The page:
as adjutant to Hitler. In this time my duties were to handle
correspondence and complaints addressed to the Fuehrer's
office. Occasionally I attended conferences held by the
Fuehrer.
"I recall that on the afternoon of 28 May 1938 Hitler called a
conference in the winter garden of the Reichs Chancellery
of all the people who were important, from the Foreign Of.
fice, the Army, and the Command Staffs. Those present at
this conference, as I recall, included Goering, Ribbentrop,
von Neurath, General Beck, Admiral Raeder, General Keitel,

and General von Brauchitsch. On this occasion Hitler made
the following statement: 'It is my unshakable will that
Czechoslovakia shall be wiped off the map.' Hitler then re-
vealed the outlines of the plan to attack Czechoslovakia.
Hitler addressed himself to the Generals, saying: 'So, we will
first tackle the situation in the East. Then I will give you
three to four years' time, and then we will settle the situa-
tion in the West. The situation in the West was meant to be
the war against England and France.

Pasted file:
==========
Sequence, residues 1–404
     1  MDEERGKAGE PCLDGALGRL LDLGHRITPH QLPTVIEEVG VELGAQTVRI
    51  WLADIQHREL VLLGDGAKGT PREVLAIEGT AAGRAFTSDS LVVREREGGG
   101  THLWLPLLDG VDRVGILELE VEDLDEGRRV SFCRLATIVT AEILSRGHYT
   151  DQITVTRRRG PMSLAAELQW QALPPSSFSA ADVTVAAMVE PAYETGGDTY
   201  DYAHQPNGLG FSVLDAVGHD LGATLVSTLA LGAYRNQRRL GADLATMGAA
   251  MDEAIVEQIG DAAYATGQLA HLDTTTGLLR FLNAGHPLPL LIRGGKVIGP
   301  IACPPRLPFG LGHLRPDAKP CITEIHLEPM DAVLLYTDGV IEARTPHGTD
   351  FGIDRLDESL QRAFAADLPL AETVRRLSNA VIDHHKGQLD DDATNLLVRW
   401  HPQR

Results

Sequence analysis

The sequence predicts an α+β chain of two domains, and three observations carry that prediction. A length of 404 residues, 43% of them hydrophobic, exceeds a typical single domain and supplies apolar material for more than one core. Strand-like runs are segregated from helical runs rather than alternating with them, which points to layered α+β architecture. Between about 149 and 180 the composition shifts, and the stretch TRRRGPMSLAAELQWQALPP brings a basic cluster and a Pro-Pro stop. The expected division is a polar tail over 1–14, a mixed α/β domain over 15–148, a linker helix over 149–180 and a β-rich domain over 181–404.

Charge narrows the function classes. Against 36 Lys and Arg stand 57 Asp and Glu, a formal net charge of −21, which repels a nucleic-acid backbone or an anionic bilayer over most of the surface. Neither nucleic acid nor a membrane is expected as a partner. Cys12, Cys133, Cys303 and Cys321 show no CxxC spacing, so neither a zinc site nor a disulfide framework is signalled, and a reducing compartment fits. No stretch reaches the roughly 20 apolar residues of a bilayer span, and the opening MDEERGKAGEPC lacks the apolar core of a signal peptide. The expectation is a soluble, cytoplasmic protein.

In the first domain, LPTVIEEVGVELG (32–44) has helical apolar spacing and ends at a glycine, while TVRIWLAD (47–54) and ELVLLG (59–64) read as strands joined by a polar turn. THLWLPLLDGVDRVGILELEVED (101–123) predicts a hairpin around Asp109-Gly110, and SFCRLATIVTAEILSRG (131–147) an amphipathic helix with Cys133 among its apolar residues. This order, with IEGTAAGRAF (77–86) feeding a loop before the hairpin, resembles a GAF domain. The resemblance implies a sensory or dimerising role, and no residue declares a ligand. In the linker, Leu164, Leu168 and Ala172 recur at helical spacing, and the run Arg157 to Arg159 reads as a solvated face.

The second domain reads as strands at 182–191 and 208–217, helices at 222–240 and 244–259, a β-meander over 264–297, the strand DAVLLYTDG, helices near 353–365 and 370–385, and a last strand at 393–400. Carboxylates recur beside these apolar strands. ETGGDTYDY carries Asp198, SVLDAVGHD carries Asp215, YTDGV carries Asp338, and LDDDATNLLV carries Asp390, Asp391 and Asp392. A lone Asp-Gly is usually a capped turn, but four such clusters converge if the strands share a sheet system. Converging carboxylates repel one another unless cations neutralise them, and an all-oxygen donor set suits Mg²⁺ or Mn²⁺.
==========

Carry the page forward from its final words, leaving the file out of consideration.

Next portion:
I was considerably shaken by these statements, and on
leaving the Reichs Chancellery I said to Herr von Neurath:
'Well, what do you say to these revelations ? Neurath
thought that the situation was not so serious as it appeared
and that nothing would happen before the spring of 1939.

"/s Fr. Wiedemann."

(3037-PS) In the months after the occupation of the Sudetenland Hitler made no secret of this meeting. In a speech before the Reichstag on 30 January 1939, Hitler spoke as follows:

"On account of this intolerable provocation which had been aggravated by a truly infamous persecution and terrorization of our Germans there, I had resolved to solve once and for all, and this time radically, the Sudeten German question. On May 28 I ordered (1) that preparations should be made for military action against this state by October 2. I ordered (2) the immense and accelerated expansion of our